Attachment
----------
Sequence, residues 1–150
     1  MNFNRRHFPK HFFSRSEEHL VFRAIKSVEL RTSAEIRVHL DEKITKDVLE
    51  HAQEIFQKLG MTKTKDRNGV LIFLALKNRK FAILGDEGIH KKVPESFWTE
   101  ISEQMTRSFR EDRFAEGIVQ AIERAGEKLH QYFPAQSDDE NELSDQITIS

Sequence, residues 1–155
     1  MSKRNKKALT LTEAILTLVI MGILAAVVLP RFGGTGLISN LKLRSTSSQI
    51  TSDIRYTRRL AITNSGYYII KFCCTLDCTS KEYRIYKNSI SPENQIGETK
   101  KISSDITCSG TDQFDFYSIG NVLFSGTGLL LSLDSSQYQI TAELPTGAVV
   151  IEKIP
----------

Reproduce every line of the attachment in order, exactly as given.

Sequence, residues 1–150
     1  MNFNRRHFPK HFFSRSEEHL VFRAIKSVEL RTSAEIRVHL DEKITKDVLE
    51  HAQEIFQKLG MTKTKDRNGV LIFLALKNRK FAILGDEGIH KKVPESFWTE
   101  ISEQMTRSFR EDRFAEGIVQ AIERAGEKLH QYFPAQSDDE NELSDQITIS

Sequence, residues 1–155
     1  MSKRNKKALT LTEAILTLVI MGILAAVVLP RFGGTGLISN LKLRSTSSQI
    51  TSDIRYTRRL AITNSGYYII KFCCTLDCTS KEYRIYKNSI SPENQIGETK
   101  KISSDITCSG TDQFDFYSIG NVLFSGTGLL LSLDSSQYQI TAELPTGAVV
   151  IEKIP